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Festivities abound as Mumbaikars throng temples to celebrate New Year

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mumbai, mumbaikars, vaisakh, baisakhi, new year, baisakhi 2018, baisakhi 2018 celebrationPhoto by BL SONI

Mumbai: The city wore a cultural garland on Saturday since as many as five community New Years rung in. The first day of the month of Vaisakh, which roughly falls around April 13, 14 or 15, marks the start of Hindu New Year.  Baisakhi or Vaisakhi (UP, Uttarakhand, Himachal Pradesh, Haryana and Punjab), Puthandu (Tamil Nadu), Vishu (Kerala), Rongali Bihu (Assam) and Poila Boishakh (Bengal), it is also a celebration of spring harvest, saw citizens in the city enjoy traditional celebrations.

Baisakhi, which concluded on April 14, witnessed several functions throughout the city. Maharashtra Sikh Association had organized a special programme for the Baisakhi celebration in Chembur wherein people across the city and state congregated to welcome the new year.  “On Baisakhi day we invited Sufi singers and Punjabi actor Gurpreet Ghuggi to entertain spectators at Chembur,” said Bal Malkit Singh, convenor of the association.

‘Puthandu Vazthukkal’ (New Year greetings) is how friends and relatives greeted one another of Puthandu, the Tamil New Year. “It is basically a home-bound traditional new year wherein we place ‘Panchanga’ and perform the pooja. After which we read the panchang of next year and welcome the year with some sweets and other delicacies. Some also prefer to go to temples,” said Anitha Srinivasan, a Ghatkopar resident and a home maker.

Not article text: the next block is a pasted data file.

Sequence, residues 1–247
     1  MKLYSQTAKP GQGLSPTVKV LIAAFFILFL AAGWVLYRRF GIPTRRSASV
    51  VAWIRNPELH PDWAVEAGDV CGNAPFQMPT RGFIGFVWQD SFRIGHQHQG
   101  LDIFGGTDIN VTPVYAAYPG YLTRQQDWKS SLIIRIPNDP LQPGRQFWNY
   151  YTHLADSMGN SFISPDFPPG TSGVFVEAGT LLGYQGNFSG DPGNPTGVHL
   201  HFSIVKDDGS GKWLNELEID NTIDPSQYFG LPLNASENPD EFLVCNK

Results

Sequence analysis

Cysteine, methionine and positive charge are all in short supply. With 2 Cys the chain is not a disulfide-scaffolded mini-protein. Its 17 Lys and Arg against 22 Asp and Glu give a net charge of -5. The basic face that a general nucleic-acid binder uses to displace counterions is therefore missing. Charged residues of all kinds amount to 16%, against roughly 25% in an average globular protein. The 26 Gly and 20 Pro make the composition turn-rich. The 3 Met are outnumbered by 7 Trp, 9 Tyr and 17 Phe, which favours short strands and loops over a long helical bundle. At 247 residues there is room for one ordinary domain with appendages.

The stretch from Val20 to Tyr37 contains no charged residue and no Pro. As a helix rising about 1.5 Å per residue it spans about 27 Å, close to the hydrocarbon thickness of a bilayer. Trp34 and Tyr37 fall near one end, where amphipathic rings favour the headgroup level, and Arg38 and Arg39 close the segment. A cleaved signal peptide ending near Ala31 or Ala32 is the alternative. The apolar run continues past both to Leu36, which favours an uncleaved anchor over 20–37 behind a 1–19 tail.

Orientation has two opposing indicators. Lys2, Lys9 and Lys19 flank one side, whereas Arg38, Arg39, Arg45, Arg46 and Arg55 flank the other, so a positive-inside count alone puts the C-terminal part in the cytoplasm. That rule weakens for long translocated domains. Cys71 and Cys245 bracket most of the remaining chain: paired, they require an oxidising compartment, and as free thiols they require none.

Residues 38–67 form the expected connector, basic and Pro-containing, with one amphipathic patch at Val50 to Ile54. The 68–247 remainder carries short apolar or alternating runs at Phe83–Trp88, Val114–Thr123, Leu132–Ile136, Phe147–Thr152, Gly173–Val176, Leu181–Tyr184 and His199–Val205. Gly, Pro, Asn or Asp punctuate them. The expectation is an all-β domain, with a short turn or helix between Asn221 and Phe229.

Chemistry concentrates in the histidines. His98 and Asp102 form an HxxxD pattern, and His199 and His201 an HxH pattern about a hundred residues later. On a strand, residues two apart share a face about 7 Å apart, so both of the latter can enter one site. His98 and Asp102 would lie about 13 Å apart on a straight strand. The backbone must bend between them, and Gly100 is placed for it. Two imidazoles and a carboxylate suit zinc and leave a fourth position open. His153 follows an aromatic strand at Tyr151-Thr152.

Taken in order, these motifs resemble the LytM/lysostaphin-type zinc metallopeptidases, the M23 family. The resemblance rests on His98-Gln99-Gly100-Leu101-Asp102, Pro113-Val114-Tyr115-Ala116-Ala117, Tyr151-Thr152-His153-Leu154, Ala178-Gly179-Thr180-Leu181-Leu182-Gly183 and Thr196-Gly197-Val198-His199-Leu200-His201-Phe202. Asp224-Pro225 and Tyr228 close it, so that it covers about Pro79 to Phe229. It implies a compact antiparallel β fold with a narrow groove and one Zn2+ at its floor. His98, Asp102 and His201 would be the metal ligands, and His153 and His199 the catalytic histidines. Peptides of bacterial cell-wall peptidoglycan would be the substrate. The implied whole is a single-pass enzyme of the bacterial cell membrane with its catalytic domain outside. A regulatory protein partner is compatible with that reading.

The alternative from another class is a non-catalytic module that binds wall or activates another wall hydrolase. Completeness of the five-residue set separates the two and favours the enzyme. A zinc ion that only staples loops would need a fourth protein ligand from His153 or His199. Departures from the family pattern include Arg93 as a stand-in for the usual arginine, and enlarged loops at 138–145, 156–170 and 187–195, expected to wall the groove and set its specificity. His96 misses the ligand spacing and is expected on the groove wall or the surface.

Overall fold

Also Read: Baisakhi 2018: Religious, cultural and astrological significance of the Punjabi festival

Vishu is the Malayalam New Year. Vishu means “equal” and it represents the celebration of the spring equinox. Malayali Hindus worship Lord Vishnu or Lord Krishna on the day, and also visit temples to have a Vishukkani Kazhcha (viewing). “Flowers hold a great importance in the festival. Vishu is observed in the early hours of the day in temples such as Sabarimala Ayyappan Temple or Guruvayur Sree Krishna temple (both in Kerela). But those who can’t go there do small poojas at home,” Srinivasan added.

Bihu does not just come once a year; there are actually three different Bihu festivals celebrated every year. All three are celebrated in their own way, although they are all linked to the agricultural cycle of Assam. Pockets of community celebrated the festival by performing the ‘Bihu Naach’ and sing songs specially composed for the occasion.

Poila Baisakh, Bangla Nabobarsho or simply Naba Barsha; all of these refer to the same festival celebrated by the Bengali community. The name ‘Poila Baisakh’ literally translates to the first month of the Bangla calendar. Besides the new years, BR Ambedkar Jayanti also fell on the same day. Devotees across Maharashtra in thousands come to Mumbai to offer their prayers to Ambedkar at the Ambedkar Smarak in Dadar Chowpatty.